“I’ve long thought that man-made carbon-dioxide emissions will raise global temperatures, but that this effect will not be amplified much by feedbacks from extra water vapor and clouds, so the world will probably be only a bit more than one degree Celsius warmer in 2100 than today.”
Instead of using words like “unabated” why not give numbers? I did.
The warming during 1975-2000, even if you cherry-pick the end points, was about 0.4 degrees C if you average the five main global data sets, and if half of that was natural, then man-made forcing was going at the rate of less than 1 degree per century, rather less than what I said.
“Second, the total warming is distributed between the land and ocean surface on the one hand and the ocean deep water on the other. The total rise of ocean heat content has continued unabated, while the proportion of heat absorbed at the surface and in the deeper ocean varies over time. Again, in the scientific lingo of the paper, “[T]his forced total OHC [ocean heat content] should be increasing monotonically over longer periods even through the current period of slowed warming. In fact, that expectation is verified by observation . . . ” In other words, the ocean has continued to warm in line with predictions of just such a phenomenon seen in climate models.”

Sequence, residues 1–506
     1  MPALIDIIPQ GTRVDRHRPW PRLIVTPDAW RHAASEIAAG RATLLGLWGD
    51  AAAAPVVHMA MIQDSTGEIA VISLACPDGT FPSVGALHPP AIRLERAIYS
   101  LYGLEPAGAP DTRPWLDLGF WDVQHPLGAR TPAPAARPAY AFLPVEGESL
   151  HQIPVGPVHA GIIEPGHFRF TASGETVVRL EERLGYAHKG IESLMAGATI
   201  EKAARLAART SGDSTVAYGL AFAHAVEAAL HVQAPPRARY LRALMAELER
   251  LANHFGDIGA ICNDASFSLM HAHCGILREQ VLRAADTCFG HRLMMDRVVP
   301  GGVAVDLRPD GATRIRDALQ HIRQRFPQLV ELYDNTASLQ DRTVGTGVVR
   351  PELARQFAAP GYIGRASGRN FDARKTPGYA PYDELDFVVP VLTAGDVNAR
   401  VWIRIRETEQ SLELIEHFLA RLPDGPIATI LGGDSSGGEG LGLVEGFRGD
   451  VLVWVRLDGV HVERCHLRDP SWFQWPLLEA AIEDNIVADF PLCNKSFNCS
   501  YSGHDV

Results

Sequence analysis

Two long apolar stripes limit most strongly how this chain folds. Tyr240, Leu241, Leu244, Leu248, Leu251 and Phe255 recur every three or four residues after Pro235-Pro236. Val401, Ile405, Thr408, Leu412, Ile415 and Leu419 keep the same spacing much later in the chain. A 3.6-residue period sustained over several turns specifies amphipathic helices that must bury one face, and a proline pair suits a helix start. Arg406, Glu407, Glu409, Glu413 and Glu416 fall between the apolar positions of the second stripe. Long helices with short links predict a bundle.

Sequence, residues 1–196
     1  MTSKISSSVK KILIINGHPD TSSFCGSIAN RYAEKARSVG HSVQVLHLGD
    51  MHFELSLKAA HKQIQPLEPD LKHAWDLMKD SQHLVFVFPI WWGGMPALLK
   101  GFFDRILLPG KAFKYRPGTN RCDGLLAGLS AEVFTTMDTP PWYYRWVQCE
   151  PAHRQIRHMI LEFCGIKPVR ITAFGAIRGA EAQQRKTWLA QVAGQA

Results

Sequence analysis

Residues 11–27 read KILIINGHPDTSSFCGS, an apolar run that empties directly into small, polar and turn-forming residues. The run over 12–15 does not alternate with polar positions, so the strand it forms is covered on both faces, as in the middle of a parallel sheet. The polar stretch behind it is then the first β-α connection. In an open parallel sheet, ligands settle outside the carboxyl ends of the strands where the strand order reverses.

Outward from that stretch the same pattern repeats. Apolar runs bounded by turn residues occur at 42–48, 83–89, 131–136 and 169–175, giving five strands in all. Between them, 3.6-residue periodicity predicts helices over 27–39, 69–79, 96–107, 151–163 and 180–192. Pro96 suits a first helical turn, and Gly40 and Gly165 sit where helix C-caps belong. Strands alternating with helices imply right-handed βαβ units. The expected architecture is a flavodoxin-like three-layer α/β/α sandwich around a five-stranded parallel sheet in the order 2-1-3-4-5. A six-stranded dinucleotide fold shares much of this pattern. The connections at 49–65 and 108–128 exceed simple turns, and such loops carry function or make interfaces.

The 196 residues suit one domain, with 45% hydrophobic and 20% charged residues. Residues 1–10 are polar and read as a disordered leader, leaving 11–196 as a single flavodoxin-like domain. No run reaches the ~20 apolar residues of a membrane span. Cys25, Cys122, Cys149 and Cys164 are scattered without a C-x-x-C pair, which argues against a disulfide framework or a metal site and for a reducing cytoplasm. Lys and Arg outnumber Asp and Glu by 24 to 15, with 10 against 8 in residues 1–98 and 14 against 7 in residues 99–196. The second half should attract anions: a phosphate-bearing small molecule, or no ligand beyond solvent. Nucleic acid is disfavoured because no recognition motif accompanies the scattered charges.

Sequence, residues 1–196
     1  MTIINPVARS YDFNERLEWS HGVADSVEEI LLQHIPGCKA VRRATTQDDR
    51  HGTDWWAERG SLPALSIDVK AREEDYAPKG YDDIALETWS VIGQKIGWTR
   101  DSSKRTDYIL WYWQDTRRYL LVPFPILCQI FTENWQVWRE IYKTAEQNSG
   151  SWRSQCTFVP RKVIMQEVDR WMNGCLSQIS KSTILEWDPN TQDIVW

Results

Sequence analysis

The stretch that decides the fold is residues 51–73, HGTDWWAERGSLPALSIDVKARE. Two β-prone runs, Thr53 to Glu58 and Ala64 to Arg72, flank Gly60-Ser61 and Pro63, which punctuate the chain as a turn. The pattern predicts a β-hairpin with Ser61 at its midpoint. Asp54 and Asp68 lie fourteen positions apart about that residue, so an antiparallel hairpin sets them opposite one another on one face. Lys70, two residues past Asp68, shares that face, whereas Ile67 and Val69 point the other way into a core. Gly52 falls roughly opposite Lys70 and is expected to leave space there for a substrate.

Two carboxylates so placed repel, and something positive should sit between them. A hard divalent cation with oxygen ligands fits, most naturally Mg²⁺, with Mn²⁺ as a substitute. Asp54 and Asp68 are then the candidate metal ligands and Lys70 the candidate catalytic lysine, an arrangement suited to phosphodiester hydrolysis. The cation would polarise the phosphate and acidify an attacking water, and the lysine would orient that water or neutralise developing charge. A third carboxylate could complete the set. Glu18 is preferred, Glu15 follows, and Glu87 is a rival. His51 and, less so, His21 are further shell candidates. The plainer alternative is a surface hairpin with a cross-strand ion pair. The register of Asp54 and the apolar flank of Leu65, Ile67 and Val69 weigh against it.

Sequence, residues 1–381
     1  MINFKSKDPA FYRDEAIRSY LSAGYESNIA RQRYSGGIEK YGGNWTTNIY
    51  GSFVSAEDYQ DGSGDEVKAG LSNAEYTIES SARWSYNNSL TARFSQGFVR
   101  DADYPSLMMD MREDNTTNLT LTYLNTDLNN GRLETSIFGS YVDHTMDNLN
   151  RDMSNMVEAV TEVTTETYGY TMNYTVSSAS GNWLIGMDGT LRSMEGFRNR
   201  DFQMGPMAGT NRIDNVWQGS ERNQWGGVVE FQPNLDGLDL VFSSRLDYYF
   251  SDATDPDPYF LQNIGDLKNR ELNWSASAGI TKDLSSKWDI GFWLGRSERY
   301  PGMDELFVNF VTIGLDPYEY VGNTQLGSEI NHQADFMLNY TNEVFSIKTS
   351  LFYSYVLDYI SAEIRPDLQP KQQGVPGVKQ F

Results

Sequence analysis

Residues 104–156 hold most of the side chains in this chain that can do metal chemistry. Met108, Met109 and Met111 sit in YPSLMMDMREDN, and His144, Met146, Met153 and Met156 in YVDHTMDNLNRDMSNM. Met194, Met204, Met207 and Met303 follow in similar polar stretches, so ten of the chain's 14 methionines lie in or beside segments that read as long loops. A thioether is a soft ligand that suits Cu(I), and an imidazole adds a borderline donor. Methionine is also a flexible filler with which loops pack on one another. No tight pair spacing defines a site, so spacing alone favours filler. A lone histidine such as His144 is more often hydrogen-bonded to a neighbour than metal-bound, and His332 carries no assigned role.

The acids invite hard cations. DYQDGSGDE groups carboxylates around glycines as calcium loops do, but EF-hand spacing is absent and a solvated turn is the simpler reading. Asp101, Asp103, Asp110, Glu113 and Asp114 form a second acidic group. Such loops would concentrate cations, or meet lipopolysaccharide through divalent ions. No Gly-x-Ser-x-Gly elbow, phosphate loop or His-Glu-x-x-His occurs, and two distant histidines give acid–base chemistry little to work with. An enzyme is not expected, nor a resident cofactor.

This is highly misleading. The quote from the paper does not contradict me at all. In any case, remember, the data on ocean heat content is highly ambiguous. As Judith Curry summarized it recently:
“The main issue of interest is to what extent can ocean heat sequestration explain the hiatus since 1998. The only data set that appears to provide support for ocean sequestration is the ocean reanalysis, with the Palmer and Domingues 0-700 m OHC climatology providing support for continued warming in the upper ocean.All in all, I don’t see a very convincing case for deep ocean sequestration of heat. And even if the heat from surface heating of the ocean did make it into the deep ocean, presumably the only way for this to happen involves mixing (rather than adiabatic processes), so it is very difficult to imagine how this heat could reappear at the surface in light of the 2nd law of thermodynamics.”